Doubting The Iranian NIE

There has been a lot of complaint in conservative circles that the Iranian NIE may very well be wrong. John Bolton, whom I have an enormous amount of respect for, makes that case in The Washington Post today,

All this shows that we not only have a problem interpreting what the mullahs in Tehran are up to, but also a more fundamental problem: Too much of the intelligence community is engaging in policy formulation rather than “intelligence” analysis, and too many in Congress and the media are happy about it. President Bush may not be able to repair his Iran policy (which was not rigorous enough to begin with) in his last year, but he would leave a lasting legacy by returning the intelligence world to its proper function.

Consider these flaws in the NIE’s “key judgments,” which were made public even though approximately 140 pages of analysis, and reams of underlying intelligence, remain classified.

First, the headline finding — that Iran halted its nuclear weapons program in 2003 — is written in a way that guarantees the totality of the conclusions will be misread. In fact, there is little substantive difference between the conclusions of the 2005 NIE on Iran’s nuclear capabilities and the 2007 NIE. Moreover, the distinction between “military” and “civilian” programs is highly artificial, since the enrichment of uranium, which all agree Iran is continuing, is critical to civilian and military uses. Indeed, it has always been Iran’s “civilian” program that posed the main risk of a nuclear “breakout.”

The real differences between the NIEs are not in the hard data but in the psychological assessment of the mullahs’ motives and objectives. The current NIE freely admits to having only moderate confidence that the suspension continues and says that there are significant gaps in our intelligence and that our analysts dissent from their initial judgment on suspension. This alone should give us considerable pause.

Here’s the thing: is it possible that the NIE is absolutely wrong and Iran is still pursuing nuclear weapons?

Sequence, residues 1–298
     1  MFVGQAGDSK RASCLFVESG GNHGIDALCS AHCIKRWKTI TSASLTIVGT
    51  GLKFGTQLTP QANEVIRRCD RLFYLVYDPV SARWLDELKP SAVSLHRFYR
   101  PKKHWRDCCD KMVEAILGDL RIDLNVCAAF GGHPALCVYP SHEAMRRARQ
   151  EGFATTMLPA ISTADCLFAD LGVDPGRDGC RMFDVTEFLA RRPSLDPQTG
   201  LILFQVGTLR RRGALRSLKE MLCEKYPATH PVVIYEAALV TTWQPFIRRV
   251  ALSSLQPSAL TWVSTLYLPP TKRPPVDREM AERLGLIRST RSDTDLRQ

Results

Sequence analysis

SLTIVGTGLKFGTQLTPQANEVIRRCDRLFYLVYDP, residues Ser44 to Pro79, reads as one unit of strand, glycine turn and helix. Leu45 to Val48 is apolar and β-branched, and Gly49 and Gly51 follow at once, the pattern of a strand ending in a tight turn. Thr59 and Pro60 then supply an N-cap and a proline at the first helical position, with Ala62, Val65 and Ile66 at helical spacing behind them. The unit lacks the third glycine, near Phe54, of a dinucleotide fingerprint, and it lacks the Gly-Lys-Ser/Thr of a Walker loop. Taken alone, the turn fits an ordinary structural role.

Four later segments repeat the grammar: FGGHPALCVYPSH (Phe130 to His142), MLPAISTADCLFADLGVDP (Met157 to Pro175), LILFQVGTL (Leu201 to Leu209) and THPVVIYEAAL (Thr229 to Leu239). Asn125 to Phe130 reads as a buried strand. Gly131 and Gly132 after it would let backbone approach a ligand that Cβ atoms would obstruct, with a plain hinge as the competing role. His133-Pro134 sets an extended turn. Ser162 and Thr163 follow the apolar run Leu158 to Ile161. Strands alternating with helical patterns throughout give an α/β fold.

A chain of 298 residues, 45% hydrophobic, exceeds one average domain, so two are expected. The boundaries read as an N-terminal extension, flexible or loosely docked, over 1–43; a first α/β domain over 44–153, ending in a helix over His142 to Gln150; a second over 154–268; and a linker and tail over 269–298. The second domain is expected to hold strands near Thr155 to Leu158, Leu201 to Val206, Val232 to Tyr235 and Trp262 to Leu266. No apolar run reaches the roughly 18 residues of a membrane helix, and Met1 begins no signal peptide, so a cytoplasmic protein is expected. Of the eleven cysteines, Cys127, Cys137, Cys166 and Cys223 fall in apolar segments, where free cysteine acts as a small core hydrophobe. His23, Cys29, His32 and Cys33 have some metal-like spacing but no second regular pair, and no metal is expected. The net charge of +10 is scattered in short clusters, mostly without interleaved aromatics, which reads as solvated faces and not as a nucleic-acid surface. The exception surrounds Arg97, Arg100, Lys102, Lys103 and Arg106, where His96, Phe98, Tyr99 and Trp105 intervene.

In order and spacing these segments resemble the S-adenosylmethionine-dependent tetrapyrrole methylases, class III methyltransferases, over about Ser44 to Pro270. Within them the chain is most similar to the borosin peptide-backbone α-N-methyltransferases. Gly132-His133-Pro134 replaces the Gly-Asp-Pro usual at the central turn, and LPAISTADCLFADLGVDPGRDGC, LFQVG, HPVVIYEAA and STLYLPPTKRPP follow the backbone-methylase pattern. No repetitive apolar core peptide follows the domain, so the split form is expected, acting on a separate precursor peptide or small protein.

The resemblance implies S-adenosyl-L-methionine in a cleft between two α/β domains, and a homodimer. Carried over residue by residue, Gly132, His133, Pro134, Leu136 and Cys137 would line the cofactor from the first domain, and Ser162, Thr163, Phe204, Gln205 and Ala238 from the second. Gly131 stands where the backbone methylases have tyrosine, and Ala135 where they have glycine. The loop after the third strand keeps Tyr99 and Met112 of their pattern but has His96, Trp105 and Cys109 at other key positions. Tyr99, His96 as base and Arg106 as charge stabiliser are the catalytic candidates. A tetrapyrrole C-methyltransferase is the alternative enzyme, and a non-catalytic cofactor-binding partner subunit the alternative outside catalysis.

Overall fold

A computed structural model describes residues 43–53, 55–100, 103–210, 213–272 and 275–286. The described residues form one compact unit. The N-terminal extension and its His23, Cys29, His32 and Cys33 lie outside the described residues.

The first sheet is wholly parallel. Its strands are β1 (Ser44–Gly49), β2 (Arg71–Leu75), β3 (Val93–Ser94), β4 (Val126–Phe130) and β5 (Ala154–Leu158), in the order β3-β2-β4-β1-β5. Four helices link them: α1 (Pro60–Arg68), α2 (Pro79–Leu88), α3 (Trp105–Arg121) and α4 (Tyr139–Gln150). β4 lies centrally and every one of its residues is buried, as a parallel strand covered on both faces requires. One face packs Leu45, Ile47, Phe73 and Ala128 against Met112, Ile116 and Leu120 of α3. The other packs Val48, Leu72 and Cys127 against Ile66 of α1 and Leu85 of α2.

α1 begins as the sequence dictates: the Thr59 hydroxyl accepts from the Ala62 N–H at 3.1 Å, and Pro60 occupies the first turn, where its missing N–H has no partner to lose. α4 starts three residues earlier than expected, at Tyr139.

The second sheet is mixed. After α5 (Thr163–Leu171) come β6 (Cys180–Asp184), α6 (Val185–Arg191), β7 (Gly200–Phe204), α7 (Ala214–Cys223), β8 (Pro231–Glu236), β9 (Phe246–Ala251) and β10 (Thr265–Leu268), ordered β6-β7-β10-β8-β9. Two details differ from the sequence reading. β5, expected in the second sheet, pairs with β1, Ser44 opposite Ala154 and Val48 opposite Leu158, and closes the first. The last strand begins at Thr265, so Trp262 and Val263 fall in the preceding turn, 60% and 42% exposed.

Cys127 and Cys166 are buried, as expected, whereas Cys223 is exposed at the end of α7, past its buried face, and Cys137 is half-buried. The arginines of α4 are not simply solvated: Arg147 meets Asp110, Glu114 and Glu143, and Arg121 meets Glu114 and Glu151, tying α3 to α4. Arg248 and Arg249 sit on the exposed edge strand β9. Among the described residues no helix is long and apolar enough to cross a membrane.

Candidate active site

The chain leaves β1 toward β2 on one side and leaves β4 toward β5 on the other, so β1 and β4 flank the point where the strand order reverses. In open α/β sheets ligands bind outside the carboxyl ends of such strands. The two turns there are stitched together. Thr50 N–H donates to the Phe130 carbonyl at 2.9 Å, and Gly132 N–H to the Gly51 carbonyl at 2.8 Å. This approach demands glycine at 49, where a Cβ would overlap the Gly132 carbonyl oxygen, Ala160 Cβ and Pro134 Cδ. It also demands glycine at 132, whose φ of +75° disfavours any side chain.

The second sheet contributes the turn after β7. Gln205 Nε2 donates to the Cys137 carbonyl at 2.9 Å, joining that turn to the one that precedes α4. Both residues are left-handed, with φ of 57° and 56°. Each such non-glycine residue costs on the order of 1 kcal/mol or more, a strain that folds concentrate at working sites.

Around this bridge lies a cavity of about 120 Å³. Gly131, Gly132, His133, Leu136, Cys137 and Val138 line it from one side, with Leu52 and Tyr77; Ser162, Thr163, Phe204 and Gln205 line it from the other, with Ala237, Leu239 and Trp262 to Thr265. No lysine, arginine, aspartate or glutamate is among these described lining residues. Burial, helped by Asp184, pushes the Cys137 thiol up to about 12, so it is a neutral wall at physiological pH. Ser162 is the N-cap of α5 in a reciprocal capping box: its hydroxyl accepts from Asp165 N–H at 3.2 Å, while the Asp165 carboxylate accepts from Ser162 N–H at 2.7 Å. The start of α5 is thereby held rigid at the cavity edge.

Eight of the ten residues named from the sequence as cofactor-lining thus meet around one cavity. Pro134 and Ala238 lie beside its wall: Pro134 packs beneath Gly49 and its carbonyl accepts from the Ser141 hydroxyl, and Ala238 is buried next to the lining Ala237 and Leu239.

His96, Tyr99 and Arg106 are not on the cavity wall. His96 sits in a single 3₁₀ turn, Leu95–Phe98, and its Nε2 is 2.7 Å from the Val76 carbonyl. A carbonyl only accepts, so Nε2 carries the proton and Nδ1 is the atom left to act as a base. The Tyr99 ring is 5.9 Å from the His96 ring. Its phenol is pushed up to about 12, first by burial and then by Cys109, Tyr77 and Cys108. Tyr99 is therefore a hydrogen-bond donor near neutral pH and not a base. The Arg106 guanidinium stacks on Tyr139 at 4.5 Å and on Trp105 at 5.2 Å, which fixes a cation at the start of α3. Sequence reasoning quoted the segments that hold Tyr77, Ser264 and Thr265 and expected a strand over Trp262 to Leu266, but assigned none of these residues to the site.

Yes, it is. Our intelligence agencies have frequently been wrong about the WMD programs of our enemies — and I’m not just talking about Iraq.

Moreover, is it possible that this NIE report is the result of an abundance of caution on the part of our intelligence agencies after they blew the call on Iraq? Yes. Could be.

But, since we’re not allowed to examine the information that went into the report or how much weight was put on each factor, it is impossible to objectively evaluate whether the report was right.

In other words, it is what it is, and we can only hope that it’s right.

Since that’s the case, there are three things conservatives should keep in mind.

1) Because of this report, bombing Iran is off the table unless our intelligence agencies change their assessment.

2) All this complaining about the report, especially since we can’t evaluate the information that went into making it, makes conservatives look bloodthirsty. You know, “They’re hellbent on bombing Iran and don’t really care if they have nukes or not.” That’s not true, that’s not fair, but that’s how it will look to people.

3) The NIE may very well be right. Iran may have been intimidated by Bush’s invasion of Iraq and may have stopped working on nukes as a result. If so, it’s good news that gives us more strategic options.

So, it’s okay to be skeptical about the report, but keep it all in perspective.

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